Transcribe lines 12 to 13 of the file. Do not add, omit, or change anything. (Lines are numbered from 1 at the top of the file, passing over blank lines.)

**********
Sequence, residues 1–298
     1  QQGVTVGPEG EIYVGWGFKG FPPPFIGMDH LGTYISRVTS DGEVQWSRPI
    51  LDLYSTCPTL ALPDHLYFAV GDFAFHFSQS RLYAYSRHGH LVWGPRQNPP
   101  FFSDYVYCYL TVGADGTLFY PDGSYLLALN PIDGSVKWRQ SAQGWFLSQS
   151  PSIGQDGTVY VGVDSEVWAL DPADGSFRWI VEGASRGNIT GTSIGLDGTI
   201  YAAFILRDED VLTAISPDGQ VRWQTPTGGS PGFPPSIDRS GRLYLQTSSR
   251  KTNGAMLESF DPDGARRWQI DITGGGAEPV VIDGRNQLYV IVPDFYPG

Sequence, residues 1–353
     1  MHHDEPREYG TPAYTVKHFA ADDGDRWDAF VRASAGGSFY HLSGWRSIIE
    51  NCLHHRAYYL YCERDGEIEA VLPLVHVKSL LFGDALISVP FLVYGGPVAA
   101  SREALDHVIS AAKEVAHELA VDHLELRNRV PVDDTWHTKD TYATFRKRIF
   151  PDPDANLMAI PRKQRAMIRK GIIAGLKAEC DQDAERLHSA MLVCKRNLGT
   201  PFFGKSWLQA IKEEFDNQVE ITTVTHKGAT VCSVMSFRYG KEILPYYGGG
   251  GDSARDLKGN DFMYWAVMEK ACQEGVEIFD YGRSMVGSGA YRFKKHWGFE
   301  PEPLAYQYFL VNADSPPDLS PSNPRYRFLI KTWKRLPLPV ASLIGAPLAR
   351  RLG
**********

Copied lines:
   151  PDPDANLMAI PRKQRAMIRK GIIAGLKAEC DQDAERLHSA MLVCKRNLGT
   201  PFFGKSWLQA IKEEFDNQVE ITTVTHKGAT VCSVMSFRYG KEILPYYGGG